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On the Inverse MEG Problem with a 1-D Current Distribution

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DOI: 10.4236/am.2015.61010    2,111 Downloads   2,441 Views  


The inverse problem of magnetoencephalography (MEG) seeks the neuronal current within the conductive brain that generates a measured magnetic flux in the exterior of the brain-head system. This problem does not have a unique solution, and in particular, it is not even possible to identify the support of the current if it extends over a three-dimensional set. However, a localized current supported on a zero-, one- or two-dimensional set can in principle be identified. In the present work, we demonstrate an analytic algorithm that is able to recover a one-dimensional distribution of current from the knowledge of the exterior magnetic flux field. In particular, we consider a neuronal current that is supported on a small line segment of arbitrary location and orientation in space, and we reduce the identification of its characteristics to a nonlinear algebraic system. A series of numerical tests show that this system has a unique real solution. A special case is easily solved via the use of trivial algebraic operations.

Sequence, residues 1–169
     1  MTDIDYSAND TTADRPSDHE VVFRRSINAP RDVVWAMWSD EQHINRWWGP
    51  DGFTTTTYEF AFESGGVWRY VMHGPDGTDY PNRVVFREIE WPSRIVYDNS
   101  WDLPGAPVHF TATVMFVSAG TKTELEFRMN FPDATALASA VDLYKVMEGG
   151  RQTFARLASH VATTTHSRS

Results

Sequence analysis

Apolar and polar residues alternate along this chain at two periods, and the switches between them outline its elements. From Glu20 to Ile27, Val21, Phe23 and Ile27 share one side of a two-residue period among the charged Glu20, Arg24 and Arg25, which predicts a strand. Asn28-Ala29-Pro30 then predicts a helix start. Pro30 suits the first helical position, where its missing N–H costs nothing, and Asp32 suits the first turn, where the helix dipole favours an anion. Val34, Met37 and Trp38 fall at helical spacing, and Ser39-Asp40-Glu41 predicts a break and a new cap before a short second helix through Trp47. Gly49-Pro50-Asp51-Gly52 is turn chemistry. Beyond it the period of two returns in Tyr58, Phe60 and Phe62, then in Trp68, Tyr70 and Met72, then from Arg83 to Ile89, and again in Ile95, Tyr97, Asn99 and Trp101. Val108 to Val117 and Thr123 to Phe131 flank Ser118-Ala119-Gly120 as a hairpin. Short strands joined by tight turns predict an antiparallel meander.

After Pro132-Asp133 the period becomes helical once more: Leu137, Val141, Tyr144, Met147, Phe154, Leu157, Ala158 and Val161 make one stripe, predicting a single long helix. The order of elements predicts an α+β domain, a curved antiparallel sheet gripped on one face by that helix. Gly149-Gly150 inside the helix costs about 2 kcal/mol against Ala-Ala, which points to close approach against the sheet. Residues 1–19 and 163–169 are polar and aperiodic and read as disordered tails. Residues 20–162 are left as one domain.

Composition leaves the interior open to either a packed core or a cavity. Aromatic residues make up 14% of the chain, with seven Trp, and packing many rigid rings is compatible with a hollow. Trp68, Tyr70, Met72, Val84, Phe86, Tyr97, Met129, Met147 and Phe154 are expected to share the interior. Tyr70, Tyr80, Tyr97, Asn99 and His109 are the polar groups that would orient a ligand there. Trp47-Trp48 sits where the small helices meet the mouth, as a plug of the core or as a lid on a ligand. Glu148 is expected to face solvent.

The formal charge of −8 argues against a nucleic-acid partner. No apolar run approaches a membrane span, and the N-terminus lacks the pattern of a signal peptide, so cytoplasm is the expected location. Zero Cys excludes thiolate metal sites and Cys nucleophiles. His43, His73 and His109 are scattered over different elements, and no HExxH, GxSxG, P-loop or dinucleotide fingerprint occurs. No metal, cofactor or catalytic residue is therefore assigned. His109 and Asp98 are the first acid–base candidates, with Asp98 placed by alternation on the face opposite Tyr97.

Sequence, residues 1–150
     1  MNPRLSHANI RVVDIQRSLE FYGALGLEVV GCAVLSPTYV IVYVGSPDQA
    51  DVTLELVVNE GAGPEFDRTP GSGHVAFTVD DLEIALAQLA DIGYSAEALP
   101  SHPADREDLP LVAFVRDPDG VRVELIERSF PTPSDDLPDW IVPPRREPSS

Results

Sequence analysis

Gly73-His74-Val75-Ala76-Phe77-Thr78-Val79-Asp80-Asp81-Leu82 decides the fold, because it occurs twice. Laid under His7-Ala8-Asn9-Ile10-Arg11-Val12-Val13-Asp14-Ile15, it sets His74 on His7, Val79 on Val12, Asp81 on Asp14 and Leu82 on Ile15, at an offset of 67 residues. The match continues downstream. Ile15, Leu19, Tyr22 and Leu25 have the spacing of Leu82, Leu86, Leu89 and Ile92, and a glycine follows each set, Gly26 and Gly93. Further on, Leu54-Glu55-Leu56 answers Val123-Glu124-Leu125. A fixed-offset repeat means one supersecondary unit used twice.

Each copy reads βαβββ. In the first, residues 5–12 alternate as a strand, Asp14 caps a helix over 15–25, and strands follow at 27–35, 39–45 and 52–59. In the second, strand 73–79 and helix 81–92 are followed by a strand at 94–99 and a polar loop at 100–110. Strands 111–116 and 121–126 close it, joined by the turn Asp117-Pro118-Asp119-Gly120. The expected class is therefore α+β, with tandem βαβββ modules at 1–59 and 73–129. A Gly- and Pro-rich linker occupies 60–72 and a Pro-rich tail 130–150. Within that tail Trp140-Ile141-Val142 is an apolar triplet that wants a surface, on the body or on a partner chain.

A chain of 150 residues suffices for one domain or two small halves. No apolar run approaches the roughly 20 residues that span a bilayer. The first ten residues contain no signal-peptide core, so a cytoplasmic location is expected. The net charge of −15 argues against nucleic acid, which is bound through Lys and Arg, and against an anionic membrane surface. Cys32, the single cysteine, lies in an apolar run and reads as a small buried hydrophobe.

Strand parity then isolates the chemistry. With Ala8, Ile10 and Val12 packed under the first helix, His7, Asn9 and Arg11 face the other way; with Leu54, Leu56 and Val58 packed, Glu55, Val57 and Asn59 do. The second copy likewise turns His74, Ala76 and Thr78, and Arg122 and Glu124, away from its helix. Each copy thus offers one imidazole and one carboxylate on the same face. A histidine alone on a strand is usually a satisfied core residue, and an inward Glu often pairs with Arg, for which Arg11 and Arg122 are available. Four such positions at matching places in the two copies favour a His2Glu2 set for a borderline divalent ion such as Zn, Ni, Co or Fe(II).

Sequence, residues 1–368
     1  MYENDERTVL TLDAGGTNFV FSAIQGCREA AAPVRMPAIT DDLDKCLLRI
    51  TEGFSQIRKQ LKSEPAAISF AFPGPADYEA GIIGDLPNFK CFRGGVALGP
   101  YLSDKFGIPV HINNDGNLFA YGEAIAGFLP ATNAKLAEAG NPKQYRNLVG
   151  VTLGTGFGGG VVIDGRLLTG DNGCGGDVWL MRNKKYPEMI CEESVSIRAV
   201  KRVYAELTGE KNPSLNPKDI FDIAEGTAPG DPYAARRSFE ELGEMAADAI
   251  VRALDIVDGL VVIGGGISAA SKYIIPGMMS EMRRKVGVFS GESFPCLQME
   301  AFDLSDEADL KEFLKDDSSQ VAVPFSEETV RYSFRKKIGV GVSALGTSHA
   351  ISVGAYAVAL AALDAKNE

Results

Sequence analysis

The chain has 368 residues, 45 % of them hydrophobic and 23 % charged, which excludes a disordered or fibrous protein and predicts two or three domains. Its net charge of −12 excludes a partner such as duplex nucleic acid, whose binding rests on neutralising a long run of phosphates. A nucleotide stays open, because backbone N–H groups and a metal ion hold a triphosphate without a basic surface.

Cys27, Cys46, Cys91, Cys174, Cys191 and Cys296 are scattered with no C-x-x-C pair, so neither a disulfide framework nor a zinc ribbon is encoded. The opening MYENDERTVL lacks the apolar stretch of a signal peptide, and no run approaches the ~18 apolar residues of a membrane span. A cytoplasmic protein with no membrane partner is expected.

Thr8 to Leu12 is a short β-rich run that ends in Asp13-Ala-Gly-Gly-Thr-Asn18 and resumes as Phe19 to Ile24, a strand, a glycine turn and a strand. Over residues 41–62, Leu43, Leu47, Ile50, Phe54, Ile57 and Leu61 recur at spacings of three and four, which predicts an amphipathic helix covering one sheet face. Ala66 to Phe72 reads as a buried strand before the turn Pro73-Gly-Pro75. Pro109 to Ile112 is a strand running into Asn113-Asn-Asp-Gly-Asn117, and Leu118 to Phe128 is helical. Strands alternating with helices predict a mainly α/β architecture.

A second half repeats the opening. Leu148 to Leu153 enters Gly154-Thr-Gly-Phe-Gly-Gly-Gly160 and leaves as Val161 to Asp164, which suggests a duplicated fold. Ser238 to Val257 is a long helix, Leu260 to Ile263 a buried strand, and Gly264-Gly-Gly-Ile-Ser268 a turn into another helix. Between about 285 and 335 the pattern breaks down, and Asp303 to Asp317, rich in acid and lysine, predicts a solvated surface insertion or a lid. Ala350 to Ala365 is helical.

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The authors declare no conflicts of interest.

Cite this paper

Dassios, G. and Satrazemi, K. (2015) On the Inverse MEG Problem with a 1-D Current Distribution. Applied Mathematics, 6, 95-105. doi: 10.4236/am.2015.61010.


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